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The City Journals

A whole lot of holes-in-one for Alta’s Ethan Tolley

Oct 06, 2020 12:21PM ● By Tavia Dutson

Ethan Tolley after his first hole-in-one at Mountain View Golf course Aug. 28, 2019. (Photo courtesy Cody Nesbit)

By Tavia Dutson | [email protected]           

Spectators at Mountain Views’ nine-hole JV tournament were able to witness something few golf fans have—a repeat hole-in-one.

As Alta golfer Ethan “Ace” Tolley approached the tee box for hole eight, he was still ruminating on his unmet goal to hit a hole-in-one on hole two.

“I wanted to try to hit it on the other par 3 so I could say I shot a hole-in-one on both the par 3’s on the front nine,” Tolley said.

Although he didn’t quite reach that bar, Tolley didn’t stay upset for long. On Aug. 19 2020, he hit a second hole-in-one on hole 8—the same hole as the previous year.

When Tolley hit his first hole-in-one in competition on Aug. 28, 2019, his coach, Cody Nesbit, was shocked. But when Tolley called him this year to tell him he had done it again; Nesbit did not believe him.

“I said you’re pulling my chain. There’s no way. I had to wait until the next hole to ask the people he was with,” Nesbit said.

Although Nesbit was busy hosting the tournament both years and was unable to see either hole-in-one, Tolley was able to celebrate with those around him. Golf is a sport that allows rivals to put competition aside to recognize these rare feats.

“All the kids had so much fun with him, they couldn’t believe it. His group of competitors had never seen a hole-in-one before,” Nesbit said.

While getting ready to tee off, he and his competitors discussed his hole-in-one on the par 3 hole the previous year.

“One of the Orem golfers I was with said jokingly, ‘let’s see if he can do it again,’” said Tolley. “I hit it on the toe, and I was thinking, this one might actually run a little bit.”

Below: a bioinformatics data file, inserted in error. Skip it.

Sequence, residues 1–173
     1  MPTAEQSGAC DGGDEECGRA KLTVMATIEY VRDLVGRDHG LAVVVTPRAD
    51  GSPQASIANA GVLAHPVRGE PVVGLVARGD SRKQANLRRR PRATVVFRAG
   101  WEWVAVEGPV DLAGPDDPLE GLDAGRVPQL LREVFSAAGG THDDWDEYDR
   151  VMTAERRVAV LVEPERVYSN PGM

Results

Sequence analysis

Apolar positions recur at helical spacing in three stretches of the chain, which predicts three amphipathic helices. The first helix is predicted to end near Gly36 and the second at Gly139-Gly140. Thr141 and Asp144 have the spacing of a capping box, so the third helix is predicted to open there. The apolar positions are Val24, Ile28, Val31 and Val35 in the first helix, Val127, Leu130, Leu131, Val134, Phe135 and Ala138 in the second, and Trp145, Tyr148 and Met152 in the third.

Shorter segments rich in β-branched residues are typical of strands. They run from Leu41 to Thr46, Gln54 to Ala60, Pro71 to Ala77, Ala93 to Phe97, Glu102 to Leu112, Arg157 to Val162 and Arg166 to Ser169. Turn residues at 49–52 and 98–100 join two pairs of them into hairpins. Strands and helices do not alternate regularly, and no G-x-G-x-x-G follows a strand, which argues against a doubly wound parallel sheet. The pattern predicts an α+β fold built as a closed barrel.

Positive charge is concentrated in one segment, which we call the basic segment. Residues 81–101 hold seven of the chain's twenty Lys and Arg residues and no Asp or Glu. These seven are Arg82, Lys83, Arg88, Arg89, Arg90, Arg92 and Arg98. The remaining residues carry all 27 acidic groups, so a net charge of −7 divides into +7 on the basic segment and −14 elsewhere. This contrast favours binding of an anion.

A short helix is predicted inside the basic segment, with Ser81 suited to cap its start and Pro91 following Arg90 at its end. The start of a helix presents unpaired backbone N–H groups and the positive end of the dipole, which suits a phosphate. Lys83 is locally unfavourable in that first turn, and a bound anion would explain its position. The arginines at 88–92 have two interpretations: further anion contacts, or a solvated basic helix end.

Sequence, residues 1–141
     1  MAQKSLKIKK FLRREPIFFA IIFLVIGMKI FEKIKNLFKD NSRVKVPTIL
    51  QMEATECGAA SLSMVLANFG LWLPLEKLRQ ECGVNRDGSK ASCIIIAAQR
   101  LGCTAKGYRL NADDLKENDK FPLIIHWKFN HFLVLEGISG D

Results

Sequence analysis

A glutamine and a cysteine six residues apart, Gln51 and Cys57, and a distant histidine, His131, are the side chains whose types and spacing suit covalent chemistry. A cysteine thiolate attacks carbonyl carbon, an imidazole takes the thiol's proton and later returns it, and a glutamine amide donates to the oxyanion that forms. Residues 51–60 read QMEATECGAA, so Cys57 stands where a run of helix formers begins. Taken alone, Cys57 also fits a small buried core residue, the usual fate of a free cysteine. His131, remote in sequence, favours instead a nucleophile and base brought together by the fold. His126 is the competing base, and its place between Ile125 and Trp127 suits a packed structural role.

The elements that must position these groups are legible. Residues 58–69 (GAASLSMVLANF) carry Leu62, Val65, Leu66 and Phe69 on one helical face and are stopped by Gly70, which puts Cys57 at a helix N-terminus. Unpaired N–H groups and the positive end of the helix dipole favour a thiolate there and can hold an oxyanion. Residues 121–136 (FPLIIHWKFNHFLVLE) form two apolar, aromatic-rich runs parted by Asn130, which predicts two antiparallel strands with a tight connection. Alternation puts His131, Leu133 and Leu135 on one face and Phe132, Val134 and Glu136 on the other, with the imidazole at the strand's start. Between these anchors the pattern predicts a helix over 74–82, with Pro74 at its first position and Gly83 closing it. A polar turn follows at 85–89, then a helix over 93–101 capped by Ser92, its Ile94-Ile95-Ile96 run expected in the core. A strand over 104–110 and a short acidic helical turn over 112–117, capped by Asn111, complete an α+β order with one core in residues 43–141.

After some debate and looking through range finders, the golfers finally decided to approach the green to find out if Tolley had done the unimaginable. Sure enough, there his ball sat—in the cup on hole eight—right where it sat a year prior.

A lot of things that day seemed like déjà vu, but one difference was in the club Tolley used. Although he had achieved golf perfection with a 7-club in 2019, this year he went with a 6- hybrid.

“I haven’t been hitting my clubs as far, so I had to switch it up just a little bit,” Tolley said.

Tolley, a lifelong baseball player, decided to make the switch to golf his freshman year. He has now hit more holes-in-one than home runs, so it’s safe to say he has found his sport.

With performances like Tolley’s, it’s no surprise the Hawks are off to a great first half of the season. They’re ranked second in the region and fighting to keep that position. The top two teams from each region are given a bid to the state tournament, with the rest of the teams being determined by stroke average.

“We’ve started well,” Nesbit said. “We’re going in the right direction and we have good golfers.”

As the season comes to an end, there’s one thing that is sure to live on—Tolley’s legacy. 

“Mountain View no longer has a hole eight, we just go from seven to the Ethan Tolley hole to nine,” joked Nesbit.